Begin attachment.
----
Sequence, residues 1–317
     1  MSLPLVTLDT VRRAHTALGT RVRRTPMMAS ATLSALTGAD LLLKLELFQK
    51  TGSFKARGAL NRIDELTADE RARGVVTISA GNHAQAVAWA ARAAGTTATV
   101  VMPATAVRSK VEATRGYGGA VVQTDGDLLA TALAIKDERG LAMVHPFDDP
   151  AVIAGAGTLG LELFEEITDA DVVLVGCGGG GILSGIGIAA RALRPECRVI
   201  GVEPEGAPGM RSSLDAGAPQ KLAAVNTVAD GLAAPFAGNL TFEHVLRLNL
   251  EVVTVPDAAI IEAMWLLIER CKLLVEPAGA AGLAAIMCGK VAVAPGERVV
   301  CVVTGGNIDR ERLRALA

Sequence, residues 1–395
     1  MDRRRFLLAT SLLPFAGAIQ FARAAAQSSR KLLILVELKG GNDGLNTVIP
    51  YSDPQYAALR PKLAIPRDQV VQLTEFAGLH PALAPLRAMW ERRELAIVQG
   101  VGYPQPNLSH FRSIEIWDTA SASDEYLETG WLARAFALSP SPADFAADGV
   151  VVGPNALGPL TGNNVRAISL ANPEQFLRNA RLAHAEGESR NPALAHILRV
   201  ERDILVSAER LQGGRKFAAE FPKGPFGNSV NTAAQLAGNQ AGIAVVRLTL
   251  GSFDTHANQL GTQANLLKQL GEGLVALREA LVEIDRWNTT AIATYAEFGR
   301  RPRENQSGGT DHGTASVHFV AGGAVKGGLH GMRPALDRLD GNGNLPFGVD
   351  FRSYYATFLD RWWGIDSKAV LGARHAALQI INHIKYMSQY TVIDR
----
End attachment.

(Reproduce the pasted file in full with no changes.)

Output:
Sequence, residues 1–317
     1  MSLPLVTLDT VRRAHTALGT RVRRTPMMAS ATLSALTGAD LLLKLELFQK
    51  TGSFKARGAL NRIDELTADE RARGVVTISA GNHAQAVAWA ARAAGTTATV
   101  VMPATAVRSK VEATRGYGGA VVQTDGDLLA TALAIKDERG LAMVHPFDDP
   151  AVIAGAGTLG LELFEEITDA DVVLVGCGGG GILSGIGIAA RALRPECRVI
   201  GVEPEGAPGM RSSLDAGAPQ KLAAVNTVAD GLAAPFAGNL TFEHVLRLNL
   251  EVVTVPDAAI IEAMWLLIER CKLLVEPAGA AGLAAIMCGK VAVAPGERVV
   301  CVVTGGNIDR ERLRALA

Sequence, residues 1–395
     1  MDRRRFLLAT SLLPFAGAIQ FARAAAQSSR KLLILVELKG GNDGLNTVIP
    51  YSDPQYAALR PKLAIPRDQV VQLTEFAGLH PALAPLRAMW ERRELAIVQG
   101  VGYPQPNLSH FRSIEIWDTA SASDEYLETG WLARAFALSP SPADFAADGV
   151  VVGPNALGPL TGNNVRAISL ANPEQFLRNA RLAHAEGESR NPALAHILRV
   201  ERDILVSAER LQGGRKFAAE FPKGPFGNSV NTAAQLAGNQ AGIAVVRLTL
   251  GSFDTHANQL GTQANLLKQL GEGLVALREA LVEIDRWNTT AIATYAEFGR
   301  RPRENQSGGT DHGTASVHFV AGGAVKGGLH GMRPALDRLD GNGNLPFGVD
   351  FRSYYATFLD RWWGIDSKAV LGARHAALQI INHIKYMSQY TVIDR